Dad’s Gift

This morning I woke up with the bug…the Christmas bug.  Suddenly, I can’t wait to put up a tree and start gift shopping.  It’s time for carols and cookies and secrets in stockings. 

For me, Christmas is all about anticipation.  It is the season of planning and conniving.  It starts off small, like one little golden bell jingling in the distance and as the big day approaches, other bells join in, until it all reaches a crescendo of laughter, food and gift giving.

As a child, I would slowly turn the pages of the Sears catalogue, dreaming about what presents Santa might leave under the tree.  I imagined buying diamond earrings for my mother and a gold watch for my father.  I envisioned my sisters waking up to find their bedrooms had been redecorated in thick comforters with matching floral curtains.  I laboriously read the descriptions of Tonka trucks so I could choose the very best for my brothers, and I debated upon which teddy bear would be the softest for the babies. 

This was “pretend” shopping. The reality is that with a large family and limited income, my parents had to pinch pennies to give presents to their children.  However, that did not keep them from teaching us the joy of gift giving. 

The Christmas before my seventh birthday, I was given a dollar to spend at the five-and-dime.  I slowly walked through the aisles, carefully calculating how much money each gift cost, and subtracting it from my total purse.  A delicate handkerchief for my mother.  Cubes of guest soap for my sisters.  Plastic animals that squeaked when they were squeezed for the babies.  And two little bottles of “Kings Men” after shave for my father.  The bottles were milky glass with lids in the shape of knights’ armor.  I couldn’t loosen the caps to smell what was inside the bottles, but I felt sure that anything named “Kings Men” would be delightful.  Most certainly my father, who meticulously shaved every morning, would love it.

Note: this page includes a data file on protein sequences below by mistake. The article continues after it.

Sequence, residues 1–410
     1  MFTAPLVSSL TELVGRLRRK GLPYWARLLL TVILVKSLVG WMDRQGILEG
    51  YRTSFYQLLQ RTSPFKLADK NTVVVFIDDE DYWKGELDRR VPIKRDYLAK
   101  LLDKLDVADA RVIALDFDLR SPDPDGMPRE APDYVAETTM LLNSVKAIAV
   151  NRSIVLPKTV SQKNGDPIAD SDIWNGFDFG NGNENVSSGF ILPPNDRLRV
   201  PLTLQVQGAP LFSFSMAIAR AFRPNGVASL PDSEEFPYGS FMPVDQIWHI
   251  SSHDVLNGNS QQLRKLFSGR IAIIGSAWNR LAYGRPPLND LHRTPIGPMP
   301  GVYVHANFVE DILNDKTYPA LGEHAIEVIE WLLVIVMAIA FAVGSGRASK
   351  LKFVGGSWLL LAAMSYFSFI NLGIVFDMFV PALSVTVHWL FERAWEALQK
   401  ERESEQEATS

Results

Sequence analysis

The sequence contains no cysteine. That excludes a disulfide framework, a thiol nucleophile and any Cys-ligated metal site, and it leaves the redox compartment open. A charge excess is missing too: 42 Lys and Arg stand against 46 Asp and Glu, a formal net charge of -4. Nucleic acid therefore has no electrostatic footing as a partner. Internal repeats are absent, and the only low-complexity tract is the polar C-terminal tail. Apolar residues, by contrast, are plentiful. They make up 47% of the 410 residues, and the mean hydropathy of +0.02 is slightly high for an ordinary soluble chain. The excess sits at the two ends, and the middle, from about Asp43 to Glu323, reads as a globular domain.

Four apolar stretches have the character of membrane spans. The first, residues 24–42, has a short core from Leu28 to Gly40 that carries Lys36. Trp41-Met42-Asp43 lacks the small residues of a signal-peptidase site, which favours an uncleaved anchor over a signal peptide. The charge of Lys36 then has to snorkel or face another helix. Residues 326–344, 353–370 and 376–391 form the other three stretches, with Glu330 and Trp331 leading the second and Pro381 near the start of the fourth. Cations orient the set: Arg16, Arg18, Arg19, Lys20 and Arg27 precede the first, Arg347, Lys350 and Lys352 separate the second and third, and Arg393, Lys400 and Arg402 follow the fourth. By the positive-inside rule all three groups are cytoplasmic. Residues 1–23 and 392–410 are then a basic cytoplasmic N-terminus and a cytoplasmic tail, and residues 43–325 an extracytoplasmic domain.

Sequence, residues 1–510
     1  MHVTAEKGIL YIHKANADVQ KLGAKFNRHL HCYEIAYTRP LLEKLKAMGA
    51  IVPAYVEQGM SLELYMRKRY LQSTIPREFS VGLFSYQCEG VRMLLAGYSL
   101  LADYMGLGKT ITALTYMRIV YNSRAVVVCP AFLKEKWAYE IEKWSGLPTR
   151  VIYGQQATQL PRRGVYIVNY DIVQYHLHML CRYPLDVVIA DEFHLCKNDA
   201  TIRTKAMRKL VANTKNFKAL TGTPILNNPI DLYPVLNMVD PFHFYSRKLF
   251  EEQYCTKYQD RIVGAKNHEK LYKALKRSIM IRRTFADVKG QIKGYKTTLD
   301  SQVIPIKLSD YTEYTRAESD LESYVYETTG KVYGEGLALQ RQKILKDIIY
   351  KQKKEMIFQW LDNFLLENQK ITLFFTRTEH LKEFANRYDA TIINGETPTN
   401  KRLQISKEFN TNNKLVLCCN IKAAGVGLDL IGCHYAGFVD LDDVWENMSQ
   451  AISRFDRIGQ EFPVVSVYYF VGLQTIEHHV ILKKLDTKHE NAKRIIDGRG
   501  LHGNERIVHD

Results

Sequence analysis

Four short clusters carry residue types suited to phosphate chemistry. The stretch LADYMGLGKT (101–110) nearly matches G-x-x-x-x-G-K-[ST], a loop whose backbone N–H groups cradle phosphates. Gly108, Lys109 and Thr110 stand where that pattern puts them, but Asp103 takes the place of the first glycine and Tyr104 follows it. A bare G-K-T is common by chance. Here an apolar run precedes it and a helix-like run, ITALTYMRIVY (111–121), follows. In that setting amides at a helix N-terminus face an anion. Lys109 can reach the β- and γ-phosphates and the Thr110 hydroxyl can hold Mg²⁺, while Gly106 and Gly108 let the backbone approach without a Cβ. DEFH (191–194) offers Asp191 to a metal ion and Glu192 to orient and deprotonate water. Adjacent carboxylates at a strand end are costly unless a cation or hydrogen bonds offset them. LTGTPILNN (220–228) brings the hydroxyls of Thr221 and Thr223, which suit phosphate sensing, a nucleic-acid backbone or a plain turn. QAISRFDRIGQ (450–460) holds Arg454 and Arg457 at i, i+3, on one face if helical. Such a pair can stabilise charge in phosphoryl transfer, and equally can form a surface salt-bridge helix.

The little gifts were punctiliously selected and taken home to my room, where I spread them out on my bottom bunk.  I selected the wrapping paper to fit each gift’s owner- jolly elves for the boys, Poinsettia for the girls, and after using half a roll of tape and several yards of curling ribbon, took the masterpieces downstairs and laid them at the base of the tree.

On Christmas morning, I rose before dawn, crept down the stairs and gasped at the plethora of gifts that found their way to our living room.  Shiny red tricycles, baby dolls that drank and wet, and sleds had miraculously appeared in our living room.  For the next few hours, ribbons and bows flew as gifts were ripped open and voices exclaimed, “Just what I always wanted!” 

When we got to the last of the pile, I saw my father’s gift.  It seemed small and insignificant next to the wool sweater vest and set of screw drivers he had already opened.  I slowly brought the package to his easy chair and he looked at the tag.  “For me?  Is this from you, Boo?”